Getting Your Adrenaline Pumping

Dariela Aquique

Santiago de Cuba

As everyone knows, the press in Cuba lacks many freedoms.  In its wide zones of silence is included the “red chronicles,” those daily tragedies, crimes and obituaries in which death is a common denominator that orchestrates the drama of these convulsive times.

It’s also known here that one of the maxims in the politics of our country is to always sell the image of a great paradise where nothing terrible ever happens.  It’s as if acts of violence didn’t occur, as if we didn’t have psychopaths, as if our streets were the safest in the world (as has been said an infinite number of times).

It is no less true that our statistics in terms of criminal acts are fairly low in relation to the rest of the world; nevertheless this doesn’t mean that unlawful acts don’t happen.

In Cuba, red chronicles are considered part of the sensationalist press typical of consumer societies; therefore information regarding such acts here are extremely restricted and fairly watered down when the authorities decide to make them known.

This state of disinformation makes life fairly chaotic for the public because we’re never really sure about what’s happening.

A few months ago in the city of Santiago de Cuba, a rumor was circulating about a band of criminals nicknamed “The 300,” taking their name from an action movie.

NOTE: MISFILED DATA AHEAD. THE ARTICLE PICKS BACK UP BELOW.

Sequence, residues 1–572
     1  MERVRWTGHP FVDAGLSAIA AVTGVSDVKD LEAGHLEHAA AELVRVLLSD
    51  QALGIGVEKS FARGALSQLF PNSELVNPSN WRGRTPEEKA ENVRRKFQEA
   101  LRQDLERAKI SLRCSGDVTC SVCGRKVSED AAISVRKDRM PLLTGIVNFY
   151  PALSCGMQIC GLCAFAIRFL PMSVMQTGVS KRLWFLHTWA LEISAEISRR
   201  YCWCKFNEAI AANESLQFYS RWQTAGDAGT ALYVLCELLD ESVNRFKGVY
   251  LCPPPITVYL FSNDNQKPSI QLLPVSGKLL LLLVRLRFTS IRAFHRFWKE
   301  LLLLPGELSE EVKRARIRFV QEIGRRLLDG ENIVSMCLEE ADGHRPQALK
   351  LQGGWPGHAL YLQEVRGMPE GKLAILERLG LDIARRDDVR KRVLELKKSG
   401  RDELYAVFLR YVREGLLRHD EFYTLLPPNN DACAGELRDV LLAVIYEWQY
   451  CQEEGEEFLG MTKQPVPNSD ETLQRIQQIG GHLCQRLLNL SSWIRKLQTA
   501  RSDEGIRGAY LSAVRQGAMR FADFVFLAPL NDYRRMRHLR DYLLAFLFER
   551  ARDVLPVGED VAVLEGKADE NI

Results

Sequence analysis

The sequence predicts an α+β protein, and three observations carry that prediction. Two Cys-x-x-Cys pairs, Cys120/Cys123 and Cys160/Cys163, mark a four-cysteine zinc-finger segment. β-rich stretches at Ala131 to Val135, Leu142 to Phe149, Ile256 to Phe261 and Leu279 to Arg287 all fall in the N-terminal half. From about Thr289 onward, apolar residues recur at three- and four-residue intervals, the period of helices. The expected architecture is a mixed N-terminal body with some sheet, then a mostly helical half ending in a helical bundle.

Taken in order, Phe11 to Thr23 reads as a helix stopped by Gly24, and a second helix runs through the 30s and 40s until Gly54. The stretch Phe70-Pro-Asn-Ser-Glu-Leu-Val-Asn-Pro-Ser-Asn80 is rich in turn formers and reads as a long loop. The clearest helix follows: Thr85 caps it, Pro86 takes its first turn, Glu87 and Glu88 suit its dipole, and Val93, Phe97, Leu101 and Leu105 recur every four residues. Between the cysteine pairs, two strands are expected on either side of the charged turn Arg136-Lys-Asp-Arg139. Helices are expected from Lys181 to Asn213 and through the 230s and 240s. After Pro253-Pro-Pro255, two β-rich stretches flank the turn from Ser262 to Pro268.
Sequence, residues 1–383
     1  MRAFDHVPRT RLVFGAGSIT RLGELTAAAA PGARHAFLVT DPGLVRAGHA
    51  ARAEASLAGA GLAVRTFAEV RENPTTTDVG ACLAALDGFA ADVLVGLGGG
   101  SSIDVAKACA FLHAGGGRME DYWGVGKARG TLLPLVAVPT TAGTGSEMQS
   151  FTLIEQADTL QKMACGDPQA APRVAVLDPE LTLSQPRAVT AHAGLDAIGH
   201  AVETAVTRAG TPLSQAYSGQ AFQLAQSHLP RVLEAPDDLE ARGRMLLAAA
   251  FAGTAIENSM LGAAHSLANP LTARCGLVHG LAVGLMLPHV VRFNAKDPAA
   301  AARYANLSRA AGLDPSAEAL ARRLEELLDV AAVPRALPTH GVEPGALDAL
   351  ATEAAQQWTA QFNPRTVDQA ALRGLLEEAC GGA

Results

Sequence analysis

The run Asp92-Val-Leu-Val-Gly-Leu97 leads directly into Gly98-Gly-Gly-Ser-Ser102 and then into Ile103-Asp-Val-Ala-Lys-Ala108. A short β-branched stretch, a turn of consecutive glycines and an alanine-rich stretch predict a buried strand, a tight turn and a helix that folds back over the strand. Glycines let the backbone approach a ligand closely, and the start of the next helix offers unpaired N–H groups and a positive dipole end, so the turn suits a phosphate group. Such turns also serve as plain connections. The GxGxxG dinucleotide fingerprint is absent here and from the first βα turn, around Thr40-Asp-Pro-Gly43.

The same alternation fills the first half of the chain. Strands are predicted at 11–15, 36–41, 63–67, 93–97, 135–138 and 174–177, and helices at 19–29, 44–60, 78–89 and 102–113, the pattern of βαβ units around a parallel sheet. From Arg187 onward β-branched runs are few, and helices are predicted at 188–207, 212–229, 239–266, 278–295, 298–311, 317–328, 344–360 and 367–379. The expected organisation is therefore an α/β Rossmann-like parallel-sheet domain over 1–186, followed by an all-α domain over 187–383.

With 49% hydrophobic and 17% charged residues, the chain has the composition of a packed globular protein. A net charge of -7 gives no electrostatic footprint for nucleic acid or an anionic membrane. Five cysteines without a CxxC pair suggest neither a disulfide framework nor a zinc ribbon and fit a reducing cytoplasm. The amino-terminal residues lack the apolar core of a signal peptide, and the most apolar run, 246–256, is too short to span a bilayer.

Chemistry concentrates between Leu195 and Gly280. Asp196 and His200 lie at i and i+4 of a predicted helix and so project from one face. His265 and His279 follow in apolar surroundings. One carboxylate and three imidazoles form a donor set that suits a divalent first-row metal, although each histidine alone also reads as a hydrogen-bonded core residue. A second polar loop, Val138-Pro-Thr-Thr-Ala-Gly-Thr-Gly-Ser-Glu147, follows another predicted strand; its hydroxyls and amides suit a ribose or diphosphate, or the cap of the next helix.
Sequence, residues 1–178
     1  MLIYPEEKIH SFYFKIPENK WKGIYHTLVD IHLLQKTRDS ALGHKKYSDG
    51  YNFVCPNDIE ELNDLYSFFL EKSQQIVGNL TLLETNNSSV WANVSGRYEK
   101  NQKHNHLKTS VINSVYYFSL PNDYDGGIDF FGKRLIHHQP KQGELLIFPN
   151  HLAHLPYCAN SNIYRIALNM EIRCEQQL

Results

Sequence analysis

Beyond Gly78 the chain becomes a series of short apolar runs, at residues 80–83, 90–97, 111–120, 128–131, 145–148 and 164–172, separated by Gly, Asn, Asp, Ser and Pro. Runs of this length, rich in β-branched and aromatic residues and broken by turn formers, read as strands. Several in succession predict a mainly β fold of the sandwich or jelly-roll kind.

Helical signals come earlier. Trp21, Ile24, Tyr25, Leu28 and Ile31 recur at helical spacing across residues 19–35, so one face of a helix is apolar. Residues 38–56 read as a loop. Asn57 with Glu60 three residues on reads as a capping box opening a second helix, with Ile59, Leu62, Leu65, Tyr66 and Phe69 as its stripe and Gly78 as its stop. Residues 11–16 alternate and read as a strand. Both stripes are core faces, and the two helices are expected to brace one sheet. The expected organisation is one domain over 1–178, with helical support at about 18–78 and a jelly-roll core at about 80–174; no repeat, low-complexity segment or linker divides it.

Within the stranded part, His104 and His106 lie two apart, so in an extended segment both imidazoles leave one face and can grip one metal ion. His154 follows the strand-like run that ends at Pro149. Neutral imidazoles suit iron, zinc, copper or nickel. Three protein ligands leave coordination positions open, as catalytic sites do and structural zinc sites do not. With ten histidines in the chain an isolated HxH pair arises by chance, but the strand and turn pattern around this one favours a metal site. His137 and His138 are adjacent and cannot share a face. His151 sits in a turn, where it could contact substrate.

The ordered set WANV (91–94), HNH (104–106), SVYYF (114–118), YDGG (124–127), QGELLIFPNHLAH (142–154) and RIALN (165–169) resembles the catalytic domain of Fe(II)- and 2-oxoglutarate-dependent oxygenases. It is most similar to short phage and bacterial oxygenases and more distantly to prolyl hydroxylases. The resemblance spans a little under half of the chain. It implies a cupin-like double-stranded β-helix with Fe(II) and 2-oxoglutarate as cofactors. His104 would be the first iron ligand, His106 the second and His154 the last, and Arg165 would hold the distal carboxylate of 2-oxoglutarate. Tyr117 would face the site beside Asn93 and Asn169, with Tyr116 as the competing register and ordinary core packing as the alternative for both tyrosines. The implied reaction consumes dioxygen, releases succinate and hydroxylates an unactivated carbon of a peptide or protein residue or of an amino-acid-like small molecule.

From word of mouth, tales of this gang traveled as people talked about its murders, rapes, robberies, assaults, burglaries and holdups.

Cubans are given to fabricating stories, so we’re never sure about how much is true or exaggerated in what people say about terrifying events.  What can indeed be verified though is that the numbers of these types of crimes in the city is quite alarming and that they’re centered in outlying neighborhoods such as Nuevo Vista Alegre, Aguero and Indaya.

I live relatively close to these areas and it worries me greatly that I’m unaware of the details of what’s going on:

– Have they already captured some of these gangsters?

– Are the crimes they comment really as horrific as people say?

– How great is the danger to which we’re exposed?

I’ll never know accurately.  I read the newspaper and I listen to the local radio stations, but nothing is mentioned about these things.  The news is really very comforting, and — by the way — quite sensationalist (with announcements like “production plans have been fulfilled,” “the economy is improving,” “we’re advancing rapidly towards becoming a model society”).

Paradoxically, when I go out on the streets at night in my “safe and prosperous” city, I can’t avoid it – it gets my adrenaline pumping!

Dariela Aquique

Dariela Aquique: I remember my years as a high school student, especially that teacher who would interrupt the reading of works and who with surprising histrionics spoke of the real possibilities of knowing more about the truth of a country through its writers than through historical chronicles. From there came my passion for writing and literature. I had excellent teachers (sure, those were not the days of the Fast-track Teachers) and extemporization and the non-mastery of subjects was not tolerated. With humble pretenses, I want to contribute to revealing the truth about my country, where reality always overcomes fiction, but where a novel style shrouds its existence.



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